United States District Court, D. Montana, Billings Division
KELLY D. PORCH and MICHELLE R. PORCH, Plaintiff,
OCHOA'S CONSTRUCTION, INC.; PREFERRED CONTRACTORS INSURANCE COMPANY RISK RETENTION GROUP; GOLDEN STATE CLAIMS ADJUSTERS; and JOHN DOES I-V, Defendants.
FINDINGS AND RECOMMENDATIONS OF U.S. MAGISTRATE
TIMOTHY J. CAVAN UNITED STATES MAGISTRATE JUDGE.
the Court is defendants Preferred Contractors Insurance
Company Risk Retention Group (“PCIC”) and Golden
State Claims Adjusters' (“Golden State”)
(collectively, “Defendants”) Motion for
Reconsideration (the “Motion”). (Doc. 60.) For
the reasons that follow, the Court recommends that
Defendants' Motion be granted.
following facts are derived from plaintiffs Kelly D. Porch
(“Kelly”) and Michelle R. Porch's
“Plaintiffs”) Second Amended Complaint and Demand
for Jury Trial (“SAC”) (Doc. 28.), the
parties' briefs, and the events occurring in the course
of this litigation as reflected by the Court's docket.
They are assumed to be true for the purposes of these
Findings and Recommendations.
filed their original Complaint and Demand for Jury Trial
(“Complaint”) on November 24, 2014, in the
Montana Thirteenth Judicial District Court, Yellowstone
County against Ochoa's Construction, Inc. (Ochoa), and
others. (Doc. 6.) The initial Complaint alleged damages
arising from a workplace accident Kelly claims to have
sustained in July 2014. (Id.) Neither PCIC nor
Golden State were named as defendants.
time of Kelly's alleged accident, PCIC insured Ochoa
under a commercial general liability policy. (Doc. 28 at
¶ 13.) PCIC informed Ochoa by letter dated May 21, 2015,
that no coverage existed for the allegations in
Plaintiffs' Complaint, and that PCIC would be denying
coverage for defense and indemnity. (Id. at
¶¶ 14, 16.)
February 24, 2016, Ochoa entered into a stipulated consent
judgment and covenant not to execute, and assigned to
Plaintiffs all of its rights against Defendants.
(Id. at ¶ 19.) Plaintiffs thereafter dismissed
all defendants except Ochoa. (Docs. 18, 23.)
March 28, 2017, Judge Ingrid Gustafson of the Montana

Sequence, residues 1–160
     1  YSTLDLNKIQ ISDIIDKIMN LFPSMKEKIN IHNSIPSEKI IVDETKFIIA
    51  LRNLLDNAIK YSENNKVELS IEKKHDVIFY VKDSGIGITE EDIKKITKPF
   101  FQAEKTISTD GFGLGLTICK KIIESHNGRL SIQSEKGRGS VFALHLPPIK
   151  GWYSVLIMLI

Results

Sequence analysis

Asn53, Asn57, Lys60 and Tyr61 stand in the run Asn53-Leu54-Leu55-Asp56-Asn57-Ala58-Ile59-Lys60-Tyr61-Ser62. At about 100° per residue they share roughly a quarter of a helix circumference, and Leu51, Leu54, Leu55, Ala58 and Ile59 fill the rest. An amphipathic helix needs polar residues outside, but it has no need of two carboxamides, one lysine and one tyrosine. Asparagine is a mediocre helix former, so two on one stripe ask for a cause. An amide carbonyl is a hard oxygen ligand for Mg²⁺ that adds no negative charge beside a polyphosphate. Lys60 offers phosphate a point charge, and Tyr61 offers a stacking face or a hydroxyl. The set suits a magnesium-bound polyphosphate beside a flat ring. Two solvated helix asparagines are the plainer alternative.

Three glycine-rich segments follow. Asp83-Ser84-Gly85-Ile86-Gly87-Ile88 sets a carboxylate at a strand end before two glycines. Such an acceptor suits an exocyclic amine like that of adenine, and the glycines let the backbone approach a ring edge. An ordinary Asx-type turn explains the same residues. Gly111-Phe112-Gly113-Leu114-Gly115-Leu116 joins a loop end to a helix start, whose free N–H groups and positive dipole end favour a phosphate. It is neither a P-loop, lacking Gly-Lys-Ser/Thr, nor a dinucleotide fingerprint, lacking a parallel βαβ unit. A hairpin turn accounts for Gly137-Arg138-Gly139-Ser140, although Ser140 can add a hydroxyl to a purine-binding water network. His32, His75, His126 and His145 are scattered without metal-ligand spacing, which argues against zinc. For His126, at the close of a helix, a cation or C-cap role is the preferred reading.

Thirteenth Judicial District Court held a reasonableness
hearing with respect to Plaintiffs and Ochoa's stipulated
consent judgment. (Doc. 26.) Plaintiffs were present at the
hearing and presented evidence in support of the
reasonableness of the judgment; Ochoa did not appear.
(Id.) On March 30, 2017, Judge Gustafson entered
judgment in the amount of $4, 700, 000.00 in favor of
Plaintiffs and against Ochoa. (Id.)
19, 2017, Plaintiffs filed an Unopposed Motion for
Leave to File Second Amended Complaint. (Doc. 5-1 at 515-516)
(emphasis in original). That motion apparently was not
accompanied by any briefing or argument as to the
appropriateness of amending a complaint after judgment had
been entered against the last remaining defendant.
(Id.) Judge Gustafson's order granting
Plaintiffs leave to file the SAC notes “that the
parties have conferred and the sole remaining current
Defendant in this case, [Ochoa], has consented in writing to
the filing of the Second Amended Complaint.” (Doc. 27.)
The order, also dated May 19, 2017, does not address any
concerns as to the timing of the amendment.
filed the SAC on May 23, 2017, adding PCIC and Golden State
as defendants, and asserting various claims against them
based on their coverage decisions with respect to Ochoa.
(See generally Doc. 28.) The SAC also restates
Plaintiffs' original claims against Ochoa. (Id.)
entered a Notice of Appearance in Montana state court on June
28, 2017, and then promptly removed the case to this Court.
(Docs. 1, 5-1 at 521-523.) On July 5, 2017, they filed a
motion seeking the dismissal of Plaintiffs' claims
against them pursuant to Rule 12(b)(6), Fed. R. Civ. P.,
presenting largely the same argument they make in the instant
Motion - that Judge Gustafson erred in permitting Plaintiffs
to amend their complaint after judgment had been entered in
the state court. (Docs. 3, 4.)
Findings and Recommendations of U.S. Magistrate Judge
(“F&R”), this Court found that regardless of
the merits of Defendants' position with respect to the
correctness of Judge Gustafson's order, a Rule 12(b)(6)
motion was not the proper vehicle for that argument, and
recommended that Judge Watters deny the motion. (Doc. 38.)
Judge Watters adopted the F&R in full, but indicated in a
footnote that a motion for reconsideration may be the
appropriate method to advance Defendants' argument. (Doc.
43 at 5, n. 1.) The Court subsequently granted leave for
Defendants to seek reconsideration (Doc. 59), and the instant
of Montana Local Rules permit reconsideration of “any
interlocutory order” on grounds set forth in L.R.
7.3(b)(1) or (2). L.R. 7.3(a). The pertinent provisions state
that “[a] motion ...